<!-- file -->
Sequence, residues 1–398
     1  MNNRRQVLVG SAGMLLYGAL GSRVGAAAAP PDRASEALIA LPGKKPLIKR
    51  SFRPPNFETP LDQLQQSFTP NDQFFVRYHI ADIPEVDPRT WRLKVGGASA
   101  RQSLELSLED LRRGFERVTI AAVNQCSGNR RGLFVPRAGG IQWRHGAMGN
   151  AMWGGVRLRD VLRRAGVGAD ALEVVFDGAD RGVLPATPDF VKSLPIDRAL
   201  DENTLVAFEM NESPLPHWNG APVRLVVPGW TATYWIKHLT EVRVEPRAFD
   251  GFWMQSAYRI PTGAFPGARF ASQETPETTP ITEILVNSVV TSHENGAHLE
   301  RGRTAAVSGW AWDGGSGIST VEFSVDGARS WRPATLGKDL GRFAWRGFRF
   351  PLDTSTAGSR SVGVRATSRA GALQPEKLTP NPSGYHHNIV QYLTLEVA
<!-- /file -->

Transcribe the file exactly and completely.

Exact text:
Sequence, residues 1–398
     1  MNNRRQVLVG SAGMLLYGAL GSRVGAAAAP PDRASEALIA LPGKKPLIKR
    51  SFRPPNFETP LDQLQQSFTP NDQFFVRYHI ADIPEVDPRT WRLKVGGASA
   101  RQSLELSLED LRRGFERVTI AAVNQCSGNR RGLFVPRAGG IQWRHGAMGN
   151  AMWGGVRLRD VLRRAGVGAD ALEVVFDGAD RGVLPATPDF VKSLPIDRAL
   201  DENTLVAFEM NESPLPHWNG APVRLVVPGW TATYWIKHLT EVRVEPRAFD
   251  GFWMQSAYRI PTGAFPGARF ASQETPETTP ITEILVNSVV TSHENGAHLE
   301  RGRTAAVSGW AWDGGSGIST VEFSVDGARS WRPATLGKDL GRFAWRGFRF
   351  PLDTSTAGSR SVGVRATSRA GALQPEKLTP NPSGYHHNIV QYLTLEVA